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Not Necessarily Free and Clear II: Successor Liability in General Motors

The scene is Detroit, and the time is early 2009. General Motors is in a pickle. Years of multi-billion dollar losses and mounting pension obligations have taken their toll on GM, and it is looking in to filing a chapter 11 bankruptcy as a means of becoming solvent once again. By June, the U.S. Government will approve bankruptcy proceedings (In re General Motors, 407 B.R. 463, 503-04), and the creation of a completely new entity, New GM. In doing so, New GM would take on the Old GM’s assets through a section 363 sale. The implication of a section 363 sale is that the assets would be free and clear of the liens, claims, encumbrances and interests that would otherwise reduce the company to naught. This principle ordinarily holds true, but as we see in the GM case, things can start to unravel if all the t’s are not crossed or all the i’s are not dotted. Like New GM, the purchaser of a debtor’s assets can suddenly find themselves having to fend off a swarm of claimants demanding that their claims should be satisfied by the purchaser, essentially asserting that the sale was not as “free and clear” as had been thought.

Enabled in part by the government’s purchase of $50 billion dollars’ worth of the company’s stock (50% of the total), the creation of the New GM would later be lauded as a success. The action preserved, by some estimates, 1.2 million jobs and $35 billion in tax revenue. See the Center for Automotive Research analysis here.  This at a time when government involvement in bailouts of the private sector was coming under fire, as critics perceived a government preference at work in favor of corporate interests at the expense of the ignored “little guy.”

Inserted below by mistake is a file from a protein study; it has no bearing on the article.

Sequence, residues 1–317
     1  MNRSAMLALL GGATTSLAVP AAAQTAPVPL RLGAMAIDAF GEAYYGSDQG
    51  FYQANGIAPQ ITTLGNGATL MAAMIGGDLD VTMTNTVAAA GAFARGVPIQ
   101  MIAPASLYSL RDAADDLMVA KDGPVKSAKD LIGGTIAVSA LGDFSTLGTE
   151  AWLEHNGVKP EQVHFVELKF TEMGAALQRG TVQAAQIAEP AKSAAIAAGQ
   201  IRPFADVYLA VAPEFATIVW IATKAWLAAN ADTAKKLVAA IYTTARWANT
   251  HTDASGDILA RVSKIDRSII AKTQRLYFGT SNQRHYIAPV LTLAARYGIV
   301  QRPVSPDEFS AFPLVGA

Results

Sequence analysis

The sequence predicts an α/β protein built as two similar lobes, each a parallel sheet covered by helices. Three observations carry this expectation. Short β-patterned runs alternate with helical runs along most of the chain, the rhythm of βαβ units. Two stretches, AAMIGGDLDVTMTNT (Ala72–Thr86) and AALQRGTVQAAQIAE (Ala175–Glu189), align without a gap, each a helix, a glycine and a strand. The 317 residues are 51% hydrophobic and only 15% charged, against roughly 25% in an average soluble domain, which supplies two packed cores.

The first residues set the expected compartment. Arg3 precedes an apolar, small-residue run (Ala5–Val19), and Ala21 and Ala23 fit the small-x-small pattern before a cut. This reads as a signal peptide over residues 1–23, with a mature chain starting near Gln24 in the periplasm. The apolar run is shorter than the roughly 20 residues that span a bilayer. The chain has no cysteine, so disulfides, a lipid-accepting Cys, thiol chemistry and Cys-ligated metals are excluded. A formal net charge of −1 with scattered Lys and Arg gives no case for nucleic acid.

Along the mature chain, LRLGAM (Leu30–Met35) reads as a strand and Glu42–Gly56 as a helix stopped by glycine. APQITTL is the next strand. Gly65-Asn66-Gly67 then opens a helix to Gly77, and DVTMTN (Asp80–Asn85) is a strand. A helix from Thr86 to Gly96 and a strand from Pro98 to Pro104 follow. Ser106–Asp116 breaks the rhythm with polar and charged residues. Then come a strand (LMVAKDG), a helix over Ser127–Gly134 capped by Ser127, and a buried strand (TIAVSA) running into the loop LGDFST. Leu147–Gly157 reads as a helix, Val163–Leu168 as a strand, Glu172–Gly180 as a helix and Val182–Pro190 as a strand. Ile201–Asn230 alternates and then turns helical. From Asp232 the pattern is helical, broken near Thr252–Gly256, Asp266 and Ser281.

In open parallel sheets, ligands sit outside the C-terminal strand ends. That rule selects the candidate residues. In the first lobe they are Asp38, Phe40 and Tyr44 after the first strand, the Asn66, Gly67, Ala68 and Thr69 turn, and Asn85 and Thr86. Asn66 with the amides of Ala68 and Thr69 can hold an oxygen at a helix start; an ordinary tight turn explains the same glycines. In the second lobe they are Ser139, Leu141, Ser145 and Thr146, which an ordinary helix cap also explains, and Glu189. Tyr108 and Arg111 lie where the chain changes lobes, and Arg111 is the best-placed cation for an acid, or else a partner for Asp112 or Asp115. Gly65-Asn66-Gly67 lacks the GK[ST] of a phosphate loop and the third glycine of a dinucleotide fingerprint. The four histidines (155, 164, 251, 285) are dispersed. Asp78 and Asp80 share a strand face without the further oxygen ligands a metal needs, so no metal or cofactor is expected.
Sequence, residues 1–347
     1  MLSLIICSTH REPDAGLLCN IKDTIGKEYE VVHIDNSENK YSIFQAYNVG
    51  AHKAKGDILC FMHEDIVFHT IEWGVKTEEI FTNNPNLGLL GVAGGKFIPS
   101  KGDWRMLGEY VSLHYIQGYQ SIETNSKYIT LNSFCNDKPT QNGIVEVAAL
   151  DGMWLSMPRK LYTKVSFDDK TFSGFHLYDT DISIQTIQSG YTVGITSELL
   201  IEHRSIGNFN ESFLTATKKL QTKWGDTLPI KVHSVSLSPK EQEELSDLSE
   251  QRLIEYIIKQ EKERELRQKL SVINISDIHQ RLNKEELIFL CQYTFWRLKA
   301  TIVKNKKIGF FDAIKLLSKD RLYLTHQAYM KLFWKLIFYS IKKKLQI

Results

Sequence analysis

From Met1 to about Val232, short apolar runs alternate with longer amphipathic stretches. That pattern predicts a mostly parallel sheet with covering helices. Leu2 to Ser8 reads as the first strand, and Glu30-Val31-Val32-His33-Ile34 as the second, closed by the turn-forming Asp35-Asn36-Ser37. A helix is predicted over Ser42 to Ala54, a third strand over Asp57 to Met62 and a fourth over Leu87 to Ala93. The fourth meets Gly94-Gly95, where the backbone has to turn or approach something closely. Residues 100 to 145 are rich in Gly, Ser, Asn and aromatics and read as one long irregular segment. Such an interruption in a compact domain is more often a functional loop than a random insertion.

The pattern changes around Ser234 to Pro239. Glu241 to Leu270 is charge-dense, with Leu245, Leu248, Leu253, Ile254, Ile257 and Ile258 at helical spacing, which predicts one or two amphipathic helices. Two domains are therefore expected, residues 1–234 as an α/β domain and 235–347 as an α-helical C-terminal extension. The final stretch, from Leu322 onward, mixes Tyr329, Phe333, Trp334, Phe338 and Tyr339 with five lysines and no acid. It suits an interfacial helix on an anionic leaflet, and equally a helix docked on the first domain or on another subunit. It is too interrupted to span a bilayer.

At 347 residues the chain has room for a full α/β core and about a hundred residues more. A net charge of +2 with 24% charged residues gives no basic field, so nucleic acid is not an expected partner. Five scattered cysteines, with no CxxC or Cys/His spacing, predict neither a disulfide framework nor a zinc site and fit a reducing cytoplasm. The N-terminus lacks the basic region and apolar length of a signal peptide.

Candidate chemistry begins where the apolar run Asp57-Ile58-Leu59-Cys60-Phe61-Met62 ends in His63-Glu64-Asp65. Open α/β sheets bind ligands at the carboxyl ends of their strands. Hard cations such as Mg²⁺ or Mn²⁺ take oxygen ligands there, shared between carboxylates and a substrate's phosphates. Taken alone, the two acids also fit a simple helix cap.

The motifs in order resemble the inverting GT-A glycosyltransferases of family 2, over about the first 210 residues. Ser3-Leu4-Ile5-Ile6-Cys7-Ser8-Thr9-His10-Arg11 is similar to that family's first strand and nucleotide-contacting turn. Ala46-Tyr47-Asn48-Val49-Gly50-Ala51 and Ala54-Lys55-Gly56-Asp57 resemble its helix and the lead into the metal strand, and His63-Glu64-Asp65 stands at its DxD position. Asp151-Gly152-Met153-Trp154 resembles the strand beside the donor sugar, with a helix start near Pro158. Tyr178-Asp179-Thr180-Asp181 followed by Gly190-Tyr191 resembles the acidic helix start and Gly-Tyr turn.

Sounds like a good deal, right? Especially for the New GM? Ah, but not all that glitters is gold. GM’s apparent success may have involved some very expensive exceptions to the presumption of the assets being “free and clear,” and those exceptions would come to haunt the owners of New GM.

Generally, it is acceptable for a company in bankruptcy to sell some of its assets if it needs to raise capital to pay off certain debts and by doing so avoid default. But what if some of the assets thus sold were paid for by revenue the company made from selling defective merchandise? Would the interests of those harmed or potentially to be harmed by the defective merchandise transfer over to the new entity?

Fast forward in time as New GM discovers its unexpected predicament.  A number of ignition switch defects in “old GM” cars came to light. New GM asserted that these were not its assumed liability—and according to court documents one might come to the same conclusion. But was there a missed step here? Did the parties harmed or potentially harmed receive adequate notice regarding the impact to their rights that would take place upon the sale? If not, such parties could file suit and potentially upset the apple cart because their due process rights may have been violated. It was under these very circumstances that the claimants came calling on New GM. New GM was potentially going to get bit in the rear from this “successor liability.”

Under normal circumstances, a sales of assets through section 363 is meant to bring more cash into an estate in part because the purchaser takes the assets “free and clear,” leaving claims with the debtor’s estate.  And what does a company have to do in order to sell under section 363? Currently, courts are of the opinion that

“It is now generally accepted that section 363 allows such sales in chapter 11, as long as the sale proponent demonstrates a good, sound business justification for conducting the sale before confirmation (other than appeasement of the loudest creditor), that there has been adequate and reasonable notice of the sale, that the sale has been proposed in good faith, and that the purchase price is fair and reasonable.” (3 COLLIER ON BANKRUPTCY ¶ 363.02[3] (15th ed. rev. 2009))